tv The David Rubenstein Show Peer to Peer Conversations Bloomberg March 29, 2020 3:00am-3:30am EDT
david: ultimately, you built a development that became the biggest development in new york at that time, which is a timewarner development. stephen: i was motivated. you know, like most people, you want to do something impactful in life. david: you decided to build something even bigger, which became the biggest real estate development in the history of our country, hudson yards. stephen: hudson yards, by building a live-work-play environment right in the middle of new york, you know, there was a real need for it. david: how come your team is not in the super bowl? [laughter] stephen: that is a good question. hey, you know. >> will you fix your tie, please? david: people wouldn't recognize me if my tie was fixed, but ok. [laughter] just leave it this way. all right.
i don't consider myself a journalist. nobody else would consider myself a journalist. i began to take on the life of being an interviewer, even though i have a day job of running a private equity firm. how do you define leadership? what is it that makes somebody tick? many people in the investment world have bought sports teams. i'm not one of them, but i do admire others who have fulfilled their ambitions to get involved in sports. one of them is steve ross. he bought the miami dolphins a number of years ago, redeveloped the stadium area, and this year, he was the host for the super bowl. it's an incredible diversion from all of the other successful things he has done. almost everything he touches works out quite well. his business interests, his real estate interests, and now his
sports interests. one of the early signers of the giving pledge, he has given away hundreds and hundreds of millions of dollars for education, among other major purposes. i really admire him as an investor, but also as a humanitarian. you are going to be the host of the super bowl this weekend. so is it hard to get to be the host? does anybody -- did they just call you up and say, how about doing this or is it harder than that? stephen: it is very competitive. i think every team in every city really wants the super bowl. it is such a great economic development tool, you know, for the city and the impact that it has, it is fantastic. i think the fans, they love coming to miami, because we have the best weather this type of year all the time. it is the policy of the nfl to reward teams who build new stadiums to get at least one super bowl. but i think, when you -- this is the 11th time the super bowl, which is the most of any city, that the super bowl has been in miami.
david: ok. so how come your team is not in the super bowl? [laughter] stephen: that is a good question. you know? hey, you know? it is not as easy as you think. david: ok, so let me ask about this. when will the dolphins be in the super bowl? anytime soon? and i read that tom brady might be a free agent. i don't know whether you are allowed to talk about that as an owner. stephen: i mean, i heard he was going to be a free agent, but i would say, one, we are not allowed to talk to him until sometime in march. you know, we are a team that is building. i don't know why he would want to come to the dolphins. he is probably one of the fiercest competitors there is. we are at the stage where the dolphins is trying to really build the team for the future and doing it through the draft. david: when it was announced the super bowl was coming here, did a lot of friends of yours say, by the way, i would like some tickets?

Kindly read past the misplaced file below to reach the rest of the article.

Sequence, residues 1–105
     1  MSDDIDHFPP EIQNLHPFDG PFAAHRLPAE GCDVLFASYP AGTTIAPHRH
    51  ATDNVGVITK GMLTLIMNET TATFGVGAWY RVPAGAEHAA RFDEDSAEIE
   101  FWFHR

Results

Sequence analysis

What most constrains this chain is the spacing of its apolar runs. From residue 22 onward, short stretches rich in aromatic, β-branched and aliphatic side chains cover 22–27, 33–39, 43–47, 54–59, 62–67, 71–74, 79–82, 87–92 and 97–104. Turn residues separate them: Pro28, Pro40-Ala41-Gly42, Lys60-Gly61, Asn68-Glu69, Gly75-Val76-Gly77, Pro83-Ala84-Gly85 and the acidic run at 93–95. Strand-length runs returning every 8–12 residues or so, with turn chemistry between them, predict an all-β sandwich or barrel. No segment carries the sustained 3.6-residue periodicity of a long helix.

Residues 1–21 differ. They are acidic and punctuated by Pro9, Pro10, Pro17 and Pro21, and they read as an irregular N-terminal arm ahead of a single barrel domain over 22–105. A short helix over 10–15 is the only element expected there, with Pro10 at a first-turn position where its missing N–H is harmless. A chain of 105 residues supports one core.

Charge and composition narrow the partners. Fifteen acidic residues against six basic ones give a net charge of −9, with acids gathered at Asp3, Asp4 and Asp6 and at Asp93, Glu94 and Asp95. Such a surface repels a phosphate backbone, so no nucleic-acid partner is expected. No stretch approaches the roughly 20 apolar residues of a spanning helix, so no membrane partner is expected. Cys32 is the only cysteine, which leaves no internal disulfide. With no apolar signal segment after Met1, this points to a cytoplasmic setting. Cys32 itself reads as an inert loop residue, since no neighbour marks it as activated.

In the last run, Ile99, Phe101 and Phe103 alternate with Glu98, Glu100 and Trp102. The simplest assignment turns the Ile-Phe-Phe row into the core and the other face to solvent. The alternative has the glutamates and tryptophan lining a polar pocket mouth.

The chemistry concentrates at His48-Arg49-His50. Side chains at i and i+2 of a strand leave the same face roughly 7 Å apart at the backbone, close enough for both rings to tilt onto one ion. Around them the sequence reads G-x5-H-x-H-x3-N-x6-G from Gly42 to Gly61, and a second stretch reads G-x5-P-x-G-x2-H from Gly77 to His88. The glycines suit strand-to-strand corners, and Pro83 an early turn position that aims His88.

how do you get tickets for this? stephen: well, i mean, yes, i have been inundated with requests for tickets. really, the nfl takes over the whole stadium and they control all the ticketing. in fact, i have to buy my own box. you have to know, the stadium that i own, i have to buy my own box. david: do you get a discount or not? stephen: not really. david: not really. stephen: i am one of 32. david: when you are an owner of an nfl team, you get together very often with owners. what are those meetings like with nfl owners? are there small egos in those rooms and very nice people and no complaining or anything? [laughter] stephen: they're not what you would expect. i think the nfl realizes you have 32 egos, and that, you know, you divide and conquer. so, i think the nfl really controls the meetings. they are not what you are -- finding all of these individuals standing up and stating all of these different reasonings. i think they are pretty calm,
actually. david: so let's talk about it. when the team was owned by huizenga, you bought it in 2008 or so. stephen: yeah, 2008. david: 2008, and you bought 49% with an obligation to buy another 51% or so. stephen: you had a buy-sell on the other 51%. david: you bought it the subsequent year and you paid roughly $1.1 billion or whatever it was. something like that. stephen: $1.1 billion. david: so is it worth $1.1 billion today? stephen: no. david: it is worth more. stephen: a lot more. david: would you ever sell? stephen: no. david: never going to sell? stephen: no. david: ok. and were you a football player when you were younger? stephen: i played high school football. david: really? stephen: yes. david: what position were you? stephen: tackle. david: ok, there are a lot of people who are owners of nfl teams who are jewish. are there any jewish football players actually? are there more owners or more players who are jewish?